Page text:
Going about our short lives, focused on our personal needs, our families, our jobs and the events on this planet, we seldom stop to ponder our place in the Universe. Trying to make a difference in our own "world," we forget that we live on a smallish sphere that circles a medium sized star on an outer arm of a galaxy which is composed of billions of stars and which, itself, is one of billions of galaxies. Earth is but a grain of sand on the vast beach of the Universe and our lifespan is but a fleeting second in its history.

Yet, we persist in our efforts. We try to enjoy the time that we have, plan to experience the many wonders of this planet and do what we can to make it a better place. Afterall, it is our home. The night sky will always be there to keep our self-importance in check.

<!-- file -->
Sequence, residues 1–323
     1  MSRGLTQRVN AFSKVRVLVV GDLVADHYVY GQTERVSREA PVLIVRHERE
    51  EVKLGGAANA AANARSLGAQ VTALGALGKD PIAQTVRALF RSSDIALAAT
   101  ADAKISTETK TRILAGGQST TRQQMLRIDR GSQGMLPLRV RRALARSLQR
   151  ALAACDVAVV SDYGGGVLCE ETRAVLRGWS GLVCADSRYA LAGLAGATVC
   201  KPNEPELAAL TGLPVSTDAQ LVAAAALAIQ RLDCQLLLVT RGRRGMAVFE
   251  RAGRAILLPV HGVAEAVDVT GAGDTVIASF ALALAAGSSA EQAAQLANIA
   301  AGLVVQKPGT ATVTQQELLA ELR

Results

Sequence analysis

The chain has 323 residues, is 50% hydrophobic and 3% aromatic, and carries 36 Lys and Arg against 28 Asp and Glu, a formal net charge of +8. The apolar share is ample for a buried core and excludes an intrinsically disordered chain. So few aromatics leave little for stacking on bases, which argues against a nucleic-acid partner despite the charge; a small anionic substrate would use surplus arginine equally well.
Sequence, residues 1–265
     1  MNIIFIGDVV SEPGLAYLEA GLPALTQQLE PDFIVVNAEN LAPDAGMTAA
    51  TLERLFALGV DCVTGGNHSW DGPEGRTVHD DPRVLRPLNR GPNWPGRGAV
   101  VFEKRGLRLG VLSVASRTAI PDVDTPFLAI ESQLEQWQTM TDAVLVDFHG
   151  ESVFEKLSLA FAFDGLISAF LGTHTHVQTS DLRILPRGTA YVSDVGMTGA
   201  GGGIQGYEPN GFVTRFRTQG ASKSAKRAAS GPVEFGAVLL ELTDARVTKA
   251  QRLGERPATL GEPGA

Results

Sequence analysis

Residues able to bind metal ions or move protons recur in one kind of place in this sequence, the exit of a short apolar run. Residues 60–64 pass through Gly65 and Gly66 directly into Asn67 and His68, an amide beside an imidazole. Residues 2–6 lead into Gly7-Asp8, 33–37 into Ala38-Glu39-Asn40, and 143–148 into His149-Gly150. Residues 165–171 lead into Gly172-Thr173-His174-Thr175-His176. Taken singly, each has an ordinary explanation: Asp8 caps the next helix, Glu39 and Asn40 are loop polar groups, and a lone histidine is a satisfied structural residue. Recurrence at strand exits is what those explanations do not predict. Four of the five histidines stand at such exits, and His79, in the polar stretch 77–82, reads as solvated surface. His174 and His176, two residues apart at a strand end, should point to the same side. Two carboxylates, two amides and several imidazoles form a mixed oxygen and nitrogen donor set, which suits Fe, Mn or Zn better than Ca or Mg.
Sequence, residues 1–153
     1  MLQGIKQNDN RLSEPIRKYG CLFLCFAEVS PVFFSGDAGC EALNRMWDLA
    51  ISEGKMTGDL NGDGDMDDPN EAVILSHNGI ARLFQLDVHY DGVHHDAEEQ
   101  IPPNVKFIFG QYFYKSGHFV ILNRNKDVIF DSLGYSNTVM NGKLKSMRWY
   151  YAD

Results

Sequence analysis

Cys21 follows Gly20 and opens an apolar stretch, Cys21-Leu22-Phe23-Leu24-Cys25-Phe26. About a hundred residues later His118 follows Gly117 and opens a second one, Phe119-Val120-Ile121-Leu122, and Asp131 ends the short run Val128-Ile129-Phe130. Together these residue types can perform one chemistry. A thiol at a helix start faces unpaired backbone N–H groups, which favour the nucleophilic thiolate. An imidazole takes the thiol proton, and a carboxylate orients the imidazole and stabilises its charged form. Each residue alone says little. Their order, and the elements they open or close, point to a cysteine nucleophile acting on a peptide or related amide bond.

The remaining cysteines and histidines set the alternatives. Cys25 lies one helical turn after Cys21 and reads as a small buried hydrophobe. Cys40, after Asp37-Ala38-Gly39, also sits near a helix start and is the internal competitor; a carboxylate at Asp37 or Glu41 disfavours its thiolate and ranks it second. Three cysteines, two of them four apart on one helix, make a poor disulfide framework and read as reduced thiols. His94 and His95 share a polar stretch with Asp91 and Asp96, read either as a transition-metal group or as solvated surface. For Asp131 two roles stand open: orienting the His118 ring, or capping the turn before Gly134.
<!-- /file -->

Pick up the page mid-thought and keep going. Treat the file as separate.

Thursday, October 4, 2007

Western Trough

The first wave of winter has pushed into the lower 48 as a pro-nounced dip in the jet stream has developed over the western States. Curving from the Pacific Northwest to the Four-Corners region and then northeastward across the Rockies, this steering current has brought cold, Canadian air to the Intermountain West. Snow is falling in the mountains and many of the Great Basin cities have experienced their first hard freeze of the season.

Meanwhile, ahead of the trough, summer has returned to the High Plains and Midwest, with afternoon highs in the mid to upper 80s. As it moves eastward, the trough is forecast to "flatten out," keeping the cold air along the northern tier of States. Here in Missouri, southerly winds will bring a warm, humid flow from the Gulf of Mexico, producing conditions more typical of June than October. Should the cold air get close enough, atmospheric instablity and afternoon thunderstorms will develop, enhancing the illusion of summer. The battle of the seasons has begun; I'm betting on winter!

Wednesday, October 3, 2007

Seals and Bears